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Better Nurse to Patient Ratios = Less Stress? Not Necessarily. #artofnursingMany nurses cite unsafe nurse-to-patient ratios as the primary culprit behind their job stress. Last year, thousands of nurses even gathered in Washington D.C. with the purpose of calling attention to the plight of nurses and unsafe staffing ratios. Nurses feel overworked by the number of patients they are charged to care for and the ever rising acuity of those patients. Although most nurses believe that hiring more nurses will fix the problem, an article by Alan Yu, quotes Linda Aiken, a professor of nursing and sociology at the University of Pennsylvania and an expert on nurse staffing. In this article Aiken suggests that simply adding more staff alone won’t necessarily solve the issue, saying “If the work environment at a particular hospital is bad, just adding more nurses won’t address the problem”.

Organizations will bend to the eventual impact of staffing ratios when their patient reviews reflect poor experiences because of under-staffing. This costs them money. They may also bend when patient mortality increases. But until those points of impact are felt, nurses may only have their own reaction to staffing challenges to help them cope with their stress.

  • Focus on Goals, Not Gossip. The principle goal is patient care and doing it to the best of your ability. You may have further goals of pursuing further education or a better position, and keeping these in mind helps you move forward in the toughest of circumstances sometimes. Count a tough time at work as something you are working to change. Keep your goals foremost in your mind, and you won’t have time to get caught up in drama and gossip.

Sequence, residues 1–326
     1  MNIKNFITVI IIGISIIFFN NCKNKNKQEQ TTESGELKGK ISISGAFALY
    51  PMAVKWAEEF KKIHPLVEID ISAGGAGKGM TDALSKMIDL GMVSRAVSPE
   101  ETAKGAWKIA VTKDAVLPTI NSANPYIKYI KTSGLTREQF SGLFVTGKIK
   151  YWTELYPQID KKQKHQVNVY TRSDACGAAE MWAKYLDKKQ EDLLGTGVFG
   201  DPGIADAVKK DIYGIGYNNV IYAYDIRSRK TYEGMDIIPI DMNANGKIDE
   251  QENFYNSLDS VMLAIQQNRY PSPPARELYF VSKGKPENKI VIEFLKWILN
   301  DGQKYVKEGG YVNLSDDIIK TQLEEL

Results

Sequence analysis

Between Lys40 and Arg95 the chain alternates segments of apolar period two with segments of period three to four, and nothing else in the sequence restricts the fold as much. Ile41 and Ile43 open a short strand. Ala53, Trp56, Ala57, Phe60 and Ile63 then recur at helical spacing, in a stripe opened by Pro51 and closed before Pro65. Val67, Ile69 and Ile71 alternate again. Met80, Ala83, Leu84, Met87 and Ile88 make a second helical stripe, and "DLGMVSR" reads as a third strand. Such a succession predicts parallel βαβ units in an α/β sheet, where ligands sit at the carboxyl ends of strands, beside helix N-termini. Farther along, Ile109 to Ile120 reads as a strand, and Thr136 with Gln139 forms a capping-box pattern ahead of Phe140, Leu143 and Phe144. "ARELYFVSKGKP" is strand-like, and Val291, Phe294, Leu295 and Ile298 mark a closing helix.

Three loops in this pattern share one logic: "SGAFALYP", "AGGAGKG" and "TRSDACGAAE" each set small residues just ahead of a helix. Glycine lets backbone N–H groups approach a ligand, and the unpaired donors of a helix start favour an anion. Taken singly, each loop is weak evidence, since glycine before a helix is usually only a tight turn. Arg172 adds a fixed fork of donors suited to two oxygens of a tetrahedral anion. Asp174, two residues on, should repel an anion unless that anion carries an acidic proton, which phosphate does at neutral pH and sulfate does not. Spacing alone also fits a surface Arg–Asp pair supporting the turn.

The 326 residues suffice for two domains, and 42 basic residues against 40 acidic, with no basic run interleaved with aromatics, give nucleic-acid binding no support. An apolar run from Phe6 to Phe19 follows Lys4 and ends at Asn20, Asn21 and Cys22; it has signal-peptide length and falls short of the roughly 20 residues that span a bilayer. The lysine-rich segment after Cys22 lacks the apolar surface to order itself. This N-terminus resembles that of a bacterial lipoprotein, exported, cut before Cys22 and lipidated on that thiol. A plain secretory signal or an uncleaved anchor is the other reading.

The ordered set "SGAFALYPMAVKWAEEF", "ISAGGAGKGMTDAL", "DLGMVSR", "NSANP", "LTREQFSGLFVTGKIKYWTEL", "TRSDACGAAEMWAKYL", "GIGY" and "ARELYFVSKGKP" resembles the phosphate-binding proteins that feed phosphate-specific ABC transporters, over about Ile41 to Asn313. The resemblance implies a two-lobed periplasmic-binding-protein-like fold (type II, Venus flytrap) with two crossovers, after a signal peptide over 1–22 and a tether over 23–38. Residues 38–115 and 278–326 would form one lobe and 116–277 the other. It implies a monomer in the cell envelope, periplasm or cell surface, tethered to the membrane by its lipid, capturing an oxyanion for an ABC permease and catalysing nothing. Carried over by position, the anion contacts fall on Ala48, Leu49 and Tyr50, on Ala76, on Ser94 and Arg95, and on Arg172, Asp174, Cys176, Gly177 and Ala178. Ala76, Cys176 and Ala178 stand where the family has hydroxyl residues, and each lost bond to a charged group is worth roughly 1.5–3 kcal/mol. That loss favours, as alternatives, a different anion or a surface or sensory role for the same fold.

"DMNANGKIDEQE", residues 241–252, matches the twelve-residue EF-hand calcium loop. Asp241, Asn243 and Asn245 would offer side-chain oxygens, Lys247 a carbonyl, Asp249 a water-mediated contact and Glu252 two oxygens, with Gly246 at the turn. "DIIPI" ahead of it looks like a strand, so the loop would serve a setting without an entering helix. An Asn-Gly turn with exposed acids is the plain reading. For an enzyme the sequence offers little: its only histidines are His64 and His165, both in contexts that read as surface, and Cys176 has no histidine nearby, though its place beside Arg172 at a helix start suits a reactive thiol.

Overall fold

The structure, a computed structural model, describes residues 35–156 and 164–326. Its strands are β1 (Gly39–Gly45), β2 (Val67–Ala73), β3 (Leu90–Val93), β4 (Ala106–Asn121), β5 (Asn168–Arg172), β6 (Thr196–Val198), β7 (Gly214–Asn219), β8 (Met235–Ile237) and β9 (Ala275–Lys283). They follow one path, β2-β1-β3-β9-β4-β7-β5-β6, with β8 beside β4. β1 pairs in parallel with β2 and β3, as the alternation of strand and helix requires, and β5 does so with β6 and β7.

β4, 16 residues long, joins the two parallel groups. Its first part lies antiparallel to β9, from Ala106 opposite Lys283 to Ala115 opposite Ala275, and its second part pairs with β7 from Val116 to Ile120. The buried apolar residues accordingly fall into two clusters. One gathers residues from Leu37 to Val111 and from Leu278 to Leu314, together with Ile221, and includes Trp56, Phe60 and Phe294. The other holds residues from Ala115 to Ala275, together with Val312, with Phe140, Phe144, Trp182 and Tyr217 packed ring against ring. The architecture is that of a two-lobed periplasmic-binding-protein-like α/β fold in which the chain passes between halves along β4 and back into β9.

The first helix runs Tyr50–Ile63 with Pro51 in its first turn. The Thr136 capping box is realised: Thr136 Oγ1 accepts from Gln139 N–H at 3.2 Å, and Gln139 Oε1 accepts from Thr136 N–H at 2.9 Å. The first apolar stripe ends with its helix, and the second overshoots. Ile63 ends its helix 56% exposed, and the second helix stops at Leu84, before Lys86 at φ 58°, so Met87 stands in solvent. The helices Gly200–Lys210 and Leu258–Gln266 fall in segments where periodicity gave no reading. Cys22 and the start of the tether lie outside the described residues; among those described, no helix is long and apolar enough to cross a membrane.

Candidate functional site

• Appreciate the Positive. When you set a goal to see the good, you’ll see more than you thought was possible. Just as changing a frame on a picture often improves the look of the picture, changing the frame on the picture you see at work, will improve the way work looks to you. You’ll be surprised at what you see and how it can lower your stress level. Conversely, if you focus on the negative, you’ll see greater negativity and drive your stress level up.
  • Offer Solutions. It’s very easy to complain, but if you want to feel heard and have a stake in what the solution will look like, offer solutions. Rather than settle for what may or may not be a solution you can live with, share possibilities on how to fix the problems. Empower yourself and don’t depend on a management team to have all the answers. Organizations often implement staff-led innovations because the staff often knows what is needed more than the management team.
  • Join up. There are committees, projects, studies, research and so much more in an organization that helps you feel more in control of your work environment. Think about your strengths and interests and find an activity that makes the best use of your talents. Putting your head together with other like-minded people, discussing options and tossing ideas around, can help you design stronger solutions to issues facing the nursing staff.

What did we miss? I’d love to hear how you deal with the stress high nurse-to-patient ratios causes. Leave a tip in the comments section below! And thanks for reading!

Elizabeth Scala, MSN/MBA, RNAbout the Author: Keynote speaker and virtual conference host, Elizabeth Scala MSN/MBA, RN, partners with hospitals, nursing schools, and nurse associations to transform the field of nursing from the inside out. As the bestselling author of ‘Nursing from Within’, Elizabeth guides nurses and nursing students to a change in perspective, helping them make the inner shift needed to better maneuver the sometimes challenging realities of being a caregiver. Elizabeth received her dual master’s degree from Johns Hopkins University. She is also a certified coach and Reiki Master Teacher. Elizabeth lives in Maryland with her supportive husband and playful pit bull.


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